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Subjective memory in older African Americans

TitleSubjective memory in older African Americans
Publication TypeJournal Article
Year of Publication2011
AuthorsSims, RC, Whitfield, KE, Ayotte, BJ, Gamaldo, AA, Edwards, CL, Allaire, JC
JournalExperimental Aging ResearchExperimental Aging Research
Volume37
Pagination220-240
Date PublishedMar
ISBN Number0361-073X<br/>1096-4657
Accession NumberPeer Reviewed Journal: 2011-06003-005
Keywords*Aging, *Blacks, *Memory, *Self Perception, *Well Being, Gerontology [2860], Geropsychology, Human Male Female Adulthood (18 yrs & older) Middle Age (40-64 yrs) Aged (65 yrs & older) Very Old (85 yrs & older), Internal External Locus of Control, Major Depression, Short Term Memory, Stress, subjective memory, actual memory, psychological well being, depressive symptoms, perceived stress, locus of control, verbal memory, working memory, African Americans, older adults, us, Verbal Memory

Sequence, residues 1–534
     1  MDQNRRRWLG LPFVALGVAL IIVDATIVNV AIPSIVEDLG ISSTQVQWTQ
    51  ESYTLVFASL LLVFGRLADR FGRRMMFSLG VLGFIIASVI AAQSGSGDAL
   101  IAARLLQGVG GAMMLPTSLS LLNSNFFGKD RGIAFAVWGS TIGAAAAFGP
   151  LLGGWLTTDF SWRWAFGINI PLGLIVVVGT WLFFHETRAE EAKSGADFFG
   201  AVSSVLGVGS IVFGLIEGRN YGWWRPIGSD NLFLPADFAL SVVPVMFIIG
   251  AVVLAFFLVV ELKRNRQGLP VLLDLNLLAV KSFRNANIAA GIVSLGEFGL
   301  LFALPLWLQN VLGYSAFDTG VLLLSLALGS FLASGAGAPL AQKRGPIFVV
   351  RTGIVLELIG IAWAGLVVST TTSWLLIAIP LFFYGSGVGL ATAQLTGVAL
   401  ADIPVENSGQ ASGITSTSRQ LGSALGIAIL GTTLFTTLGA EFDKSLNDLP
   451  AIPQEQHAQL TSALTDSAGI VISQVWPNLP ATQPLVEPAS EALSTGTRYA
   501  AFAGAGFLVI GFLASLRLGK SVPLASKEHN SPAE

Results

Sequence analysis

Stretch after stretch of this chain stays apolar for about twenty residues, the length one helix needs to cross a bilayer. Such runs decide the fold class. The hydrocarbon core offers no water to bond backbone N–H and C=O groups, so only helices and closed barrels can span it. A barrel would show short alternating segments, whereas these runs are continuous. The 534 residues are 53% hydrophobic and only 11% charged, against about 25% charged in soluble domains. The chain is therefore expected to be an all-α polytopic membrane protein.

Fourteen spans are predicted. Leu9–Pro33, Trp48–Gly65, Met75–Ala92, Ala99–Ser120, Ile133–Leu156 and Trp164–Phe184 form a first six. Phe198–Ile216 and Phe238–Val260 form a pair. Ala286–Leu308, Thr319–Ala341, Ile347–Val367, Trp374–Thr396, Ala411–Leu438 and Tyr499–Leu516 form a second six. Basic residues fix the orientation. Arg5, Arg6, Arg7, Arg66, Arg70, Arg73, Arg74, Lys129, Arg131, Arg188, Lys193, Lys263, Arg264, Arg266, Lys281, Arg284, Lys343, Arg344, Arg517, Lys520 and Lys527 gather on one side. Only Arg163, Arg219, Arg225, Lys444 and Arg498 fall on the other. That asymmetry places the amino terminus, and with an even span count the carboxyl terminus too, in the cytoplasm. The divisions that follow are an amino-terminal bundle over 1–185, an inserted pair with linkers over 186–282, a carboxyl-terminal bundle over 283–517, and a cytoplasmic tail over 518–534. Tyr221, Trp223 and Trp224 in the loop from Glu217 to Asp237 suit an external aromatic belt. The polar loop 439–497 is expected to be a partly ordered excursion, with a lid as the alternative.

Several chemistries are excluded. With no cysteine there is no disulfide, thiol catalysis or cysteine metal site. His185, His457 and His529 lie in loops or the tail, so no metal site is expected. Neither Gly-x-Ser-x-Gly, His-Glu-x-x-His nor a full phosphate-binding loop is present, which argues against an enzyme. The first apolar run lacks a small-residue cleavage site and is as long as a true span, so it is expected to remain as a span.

AbstractThe current analysis examined (a) if measures of psychological well-being predict subjective memory, and (b) if subjective memory is consistent with actual memory. Five hundred seventy-nine older African Americans from the Baltimore Study of Black Aging completed measures assessing subjective memory, depressive symptomatology, perceived stress, locus of control, and verbal and working memory. Higher levels of perceived stress and greater externalized locus of control predicted poorer subjective memory, but subjective memory did not predict objective verbal or working memory. Results suggest that subjective memory is influenced by aspects of psychological well-being but is unrelated to objective memory in older African Americans. (PsycINFO Database Record (c) 2014 APA, all rights reserved) (journal abstract).
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